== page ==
As for myself, I’m a storyteller and a big believer that if I find something useful, I feel compelled to share with others who appreciate learning something that may enlighten or encourage them. It’s a wonderful feeling to write and share my stories.
Sometimes I wonder, who am I that someone would want to read my books? I’m a girl who experienced a lot since her young life who just wants to share her stories so that others can take something from my words, and hopefully, enjoy the read along the way.
Where did the inspiration for your featured book come from?
As some here know, I’m married to a man a generation older than me. I share about what it takes to keep a marriage going strong despite the pitfalls of life that happen, and that could potentially tear apart a relationship.
When I accepted my husband’s wedding proposal, I replied. “Yes. But you have to promise me 20 years Mister!” My sarcastic humor was really my fear of the distant future, knowing we wouldn’t have the luxury of growing old together, but if I was somehow promised 20 years, I would accept that as a good amount of time together. We’re now 20 years married this year.
As this anniversary was approaching, I wanted to commemorate my 20 wonderful years of marriage and share in story that life will always present its ups and downs and dilemmas, but it’s about how I keep my marriage thriving despite our age difference and obstacles presented to us along the way. I wanted to share some of my situations to pass along some learned wisdoms.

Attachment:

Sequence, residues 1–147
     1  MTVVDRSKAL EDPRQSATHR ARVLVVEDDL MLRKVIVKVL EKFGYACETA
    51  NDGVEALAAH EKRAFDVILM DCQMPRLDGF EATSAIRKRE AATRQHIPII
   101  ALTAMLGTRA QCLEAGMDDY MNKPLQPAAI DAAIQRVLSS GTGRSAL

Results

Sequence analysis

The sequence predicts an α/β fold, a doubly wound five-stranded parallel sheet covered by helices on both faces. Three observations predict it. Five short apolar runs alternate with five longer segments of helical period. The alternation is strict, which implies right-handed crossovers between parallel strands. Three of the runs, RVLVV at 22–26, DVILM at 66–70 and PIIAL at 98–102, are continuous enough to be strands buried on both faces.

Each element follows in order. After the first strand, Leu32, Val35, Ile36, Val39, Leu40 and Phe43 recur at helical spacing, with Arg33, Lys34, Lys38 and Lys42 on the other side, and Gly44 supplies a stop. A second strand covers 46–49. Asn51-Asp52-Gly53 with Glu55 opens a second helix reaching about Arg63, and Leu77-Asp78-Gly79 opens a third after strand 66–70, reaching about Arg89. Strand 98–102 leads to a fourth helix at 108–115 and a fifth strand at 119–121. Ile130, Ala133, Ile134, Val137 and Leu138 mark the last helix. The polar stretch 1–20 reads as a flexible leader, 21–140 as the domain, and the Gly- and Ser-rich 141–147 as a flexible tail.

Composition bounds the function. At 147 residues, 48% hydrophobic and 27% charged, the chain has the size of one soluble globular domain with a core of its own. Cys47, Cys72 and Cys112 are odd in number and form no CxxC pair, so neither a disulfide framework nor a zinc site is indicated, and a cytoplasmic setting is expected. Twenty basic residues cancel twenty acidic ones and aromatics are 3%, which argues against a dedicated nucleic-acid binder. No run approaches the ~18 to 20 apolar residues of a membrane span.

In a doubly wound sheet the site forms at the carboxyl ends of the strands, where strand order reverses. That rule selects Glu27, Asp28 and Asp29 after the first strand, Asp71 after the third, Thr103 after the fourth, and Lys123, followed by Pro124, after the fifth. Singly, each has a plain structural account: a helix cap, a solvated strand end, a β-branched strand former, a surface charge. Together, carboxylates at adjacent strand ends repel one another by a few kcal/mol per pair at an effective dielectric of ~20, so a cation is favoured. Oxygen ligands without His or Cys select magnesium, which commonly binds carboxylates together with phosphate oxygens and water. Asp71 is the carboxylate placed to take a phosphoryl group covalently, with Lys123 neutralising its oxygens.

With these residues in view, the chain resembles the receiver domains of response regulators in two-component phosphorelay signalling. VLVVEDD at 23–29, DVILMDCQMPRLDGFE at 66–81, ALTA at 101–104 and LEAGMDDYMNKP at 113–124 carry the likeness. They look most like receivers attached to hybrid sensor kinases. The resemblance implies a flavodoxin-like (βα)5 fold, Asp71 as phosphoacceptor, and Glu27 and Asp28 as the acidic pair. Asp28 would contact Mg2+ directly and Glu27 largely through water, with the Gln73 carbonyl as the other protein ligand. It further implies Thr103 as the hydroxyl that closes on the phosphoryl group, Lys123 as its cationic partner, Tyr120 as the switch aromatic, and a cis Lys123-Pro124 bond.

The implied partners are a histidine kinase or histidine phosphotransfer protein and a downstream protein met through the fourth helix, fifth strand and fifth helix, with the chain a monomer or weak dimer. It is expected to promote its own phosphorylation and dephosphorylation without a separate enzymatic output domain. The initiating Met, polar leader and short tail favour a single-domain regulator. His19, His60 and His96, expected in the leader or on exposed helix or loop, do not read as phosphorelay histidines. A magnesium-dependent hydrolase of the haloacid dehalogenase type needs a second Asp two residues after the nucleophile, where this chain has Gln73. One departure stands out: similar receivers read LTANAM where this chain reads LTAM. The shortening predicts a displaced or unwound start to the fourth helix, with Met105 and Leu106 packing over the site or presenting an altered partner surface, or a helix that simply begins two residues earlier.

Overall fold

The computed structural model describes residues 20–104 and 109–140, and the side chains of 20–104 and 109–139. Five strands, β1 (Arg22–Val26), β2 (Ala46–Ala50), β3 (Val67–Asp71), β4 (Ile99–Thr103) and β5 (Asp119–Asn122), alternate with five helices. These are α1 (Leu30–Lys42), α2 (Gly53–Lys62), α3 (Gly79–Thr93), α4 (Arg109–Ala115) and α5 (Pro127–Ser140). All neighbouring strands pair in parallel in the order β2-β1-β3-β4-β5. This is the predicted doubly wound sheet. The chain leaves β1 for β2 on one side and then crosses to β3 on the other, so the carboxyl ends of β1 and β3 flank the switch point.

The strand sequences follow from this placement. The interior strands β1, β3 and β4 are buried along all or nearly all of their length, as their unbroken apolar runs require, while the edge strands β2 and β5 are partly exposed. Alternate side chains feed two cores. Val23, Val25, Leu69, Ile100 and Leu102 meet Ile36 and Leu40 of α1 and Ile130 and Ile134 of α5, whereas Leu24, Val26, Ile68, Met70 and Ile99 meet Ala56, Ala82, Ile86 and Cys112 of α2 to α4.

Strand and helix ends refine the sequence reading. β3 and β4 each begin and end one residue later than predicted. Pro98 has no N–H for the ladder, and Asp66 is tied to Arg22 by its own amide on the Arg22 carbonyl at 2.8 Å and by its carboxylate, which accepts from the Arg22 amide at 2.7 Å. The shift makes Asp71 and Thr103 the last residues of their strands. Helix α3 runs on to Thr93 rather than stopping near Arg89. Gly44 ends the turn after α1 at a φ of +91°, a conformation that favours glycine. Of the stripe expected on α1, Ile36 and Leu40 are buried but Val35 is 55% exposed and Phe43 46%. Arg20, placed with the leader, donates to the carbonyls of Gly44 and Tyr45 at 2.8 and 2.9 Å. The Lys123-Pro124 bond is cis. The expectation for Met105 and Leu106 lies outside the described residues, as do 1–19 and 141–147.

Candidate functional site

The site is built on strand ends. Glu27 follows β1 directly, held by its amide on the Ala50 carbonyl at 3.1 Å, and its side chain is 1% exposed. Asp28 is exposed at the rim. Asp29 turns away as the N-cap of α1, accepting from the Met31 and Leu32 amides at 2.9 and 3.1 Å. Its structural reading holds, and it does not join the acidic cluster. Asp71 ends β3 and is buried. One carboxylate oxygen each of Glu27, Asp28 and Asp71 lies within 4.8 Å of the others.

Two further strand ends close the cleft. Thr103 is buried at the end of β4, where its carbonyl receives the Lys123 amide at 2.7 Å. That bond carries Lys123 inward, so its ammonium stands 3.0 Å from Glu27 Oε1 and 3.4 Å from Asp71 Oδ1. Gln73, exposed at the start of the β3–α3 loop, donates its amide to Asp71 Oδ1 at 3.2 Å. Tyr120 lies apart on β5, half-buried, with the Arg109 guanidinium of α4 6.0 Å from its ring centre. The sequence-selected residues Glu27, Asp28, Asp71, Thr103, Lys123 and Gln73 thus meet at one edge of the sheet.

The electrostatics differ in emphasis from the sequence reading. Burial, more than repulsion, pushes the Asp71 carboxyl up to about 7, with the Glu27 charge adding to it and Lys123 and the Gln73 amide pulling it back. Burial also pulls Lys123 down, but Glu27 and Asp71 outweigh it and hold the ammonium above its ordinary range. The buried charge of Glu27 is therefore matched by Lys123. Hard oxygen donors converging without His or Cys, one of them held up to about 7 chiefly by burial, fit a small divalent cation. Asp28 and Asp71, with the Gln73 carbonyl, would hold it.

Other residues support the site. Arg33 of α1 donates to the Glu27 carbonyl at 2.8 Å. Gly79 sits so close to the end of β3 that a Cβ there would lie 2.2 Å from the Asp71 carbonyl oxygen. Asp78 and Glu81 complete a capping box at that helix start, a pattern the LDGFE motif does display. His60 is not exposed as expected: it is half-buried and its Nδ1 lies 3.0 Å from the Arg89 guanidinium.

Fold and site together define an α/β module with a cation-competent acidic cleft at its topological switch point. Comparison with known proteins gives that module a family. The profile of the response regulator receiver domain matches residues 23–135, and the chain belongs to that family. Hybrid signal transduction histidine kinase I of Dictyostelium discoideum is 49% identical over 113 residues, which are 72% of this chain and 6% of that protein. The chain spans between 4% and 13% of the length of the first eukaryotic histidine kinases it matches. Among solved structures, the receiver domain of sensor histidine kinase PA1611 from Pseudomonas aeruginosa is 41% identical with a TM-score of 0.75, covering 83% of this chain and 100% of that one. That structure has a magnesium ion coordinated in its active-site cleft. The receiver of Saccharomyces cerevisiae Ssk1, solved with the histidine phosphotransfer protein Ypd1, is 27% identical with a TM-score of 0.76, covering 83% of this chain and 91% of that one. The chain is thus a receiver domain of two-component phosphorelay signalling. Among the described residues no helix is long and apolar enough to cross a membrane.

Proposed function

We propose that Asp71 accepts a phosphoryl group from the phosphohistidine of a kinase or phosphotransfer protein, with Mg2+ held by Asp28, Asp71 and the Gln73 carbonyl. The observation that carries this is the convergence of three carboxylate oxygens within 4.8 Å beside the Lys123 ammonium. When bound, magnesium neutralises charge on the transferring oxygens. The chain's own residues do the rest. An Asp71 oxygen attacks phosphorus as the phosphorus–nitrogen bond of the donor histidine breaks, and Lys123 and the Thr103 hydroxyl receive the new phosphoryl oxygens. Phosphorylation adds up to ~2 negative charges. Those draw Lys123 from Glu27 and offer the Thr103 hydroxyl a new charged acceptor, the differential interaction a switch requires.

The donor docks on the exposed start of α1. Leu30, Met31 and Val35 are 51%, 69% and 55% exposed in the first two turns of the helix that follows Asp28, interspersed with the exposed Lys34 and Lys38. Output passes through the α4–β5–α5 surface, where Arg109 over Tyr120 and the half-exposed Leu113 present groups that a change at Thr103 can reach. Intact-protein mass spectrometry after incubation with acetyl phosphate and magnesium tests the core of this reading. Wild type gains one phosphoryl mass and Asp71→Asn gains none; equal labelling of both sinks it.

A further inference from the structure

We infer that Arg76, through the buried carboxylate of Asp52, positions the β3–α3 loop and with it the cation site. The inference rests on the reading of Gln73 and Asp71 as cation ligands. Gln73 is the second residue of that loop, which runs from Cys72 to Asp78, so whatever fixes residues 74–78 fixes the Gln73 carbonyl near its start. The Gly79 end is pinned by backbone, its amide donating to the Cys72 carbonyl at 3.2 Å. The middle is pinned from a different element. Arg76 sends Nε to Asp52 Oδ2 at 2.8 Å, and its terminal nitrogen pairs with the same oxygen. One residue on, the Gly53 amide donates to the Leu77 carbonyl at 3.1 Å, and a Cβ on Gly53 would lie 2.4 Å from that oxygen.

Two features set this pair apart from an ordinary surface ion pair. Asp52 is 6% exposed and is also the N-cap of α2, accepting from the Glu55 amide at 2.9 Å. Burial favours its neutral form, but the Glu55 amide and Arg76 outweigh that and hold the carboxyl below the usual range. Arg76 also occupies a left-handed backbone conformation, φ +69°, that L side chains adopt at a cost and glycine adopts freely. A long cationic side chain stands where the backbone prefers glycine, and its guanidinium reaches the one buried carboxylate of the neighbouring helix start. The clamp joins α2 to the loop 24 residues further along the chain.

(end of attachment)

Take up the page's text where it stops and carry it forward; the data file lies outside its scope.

Love has no age or time limits.
What is your editing process, and do you use any software you’ve found particularly helpful?
Editing for me begins with first round revisions. For those who aren’t familiar with my prehistoric method of writing books, all my books are written in longhand. Once I’m finished writing my first draft, I enter each chapter into the computer and in doing so, I begin the editing process – revision round one begins. Once the chapters are entered, I begin round 2 of edits. By the third round is where I’ll turn on my ProWritingAid program, installed on both my website and my Word docs, to do further edits and discover inconsistencies and typos overlooked through that program.
Next, I like to leave my manuscript alone for a period of time – from a few days to a week, so I can distance myself from it for a while and go back with fresh eyes. While my MS is marinating, I’ll work on other things which are part of the book, such as the blurb, and cover art images I find that represent the book’s essence so I can send to my book designer to help her get a feel for what I’m after. Then when I’m ready to go back to my MS, I print it out to do a paper edit. It’s amazing what our eyes pick up on paper as opposed to on the computer screen.
The next round of edits, I turn on the ‘text to speech’ feature in Word, make myself a coffee and a comfy spot on the couch, and listen to my book being read back to me. This helps me to discover any other typos, missed punctuation, or weird sounding sentences my eyes may have missed. When I hear something wonky, I just pause the reading and highlight the issue to fix later and continue reading so as not to stop the story flow.
After listening to my book and editing . . . continue reading at the Smorgasbord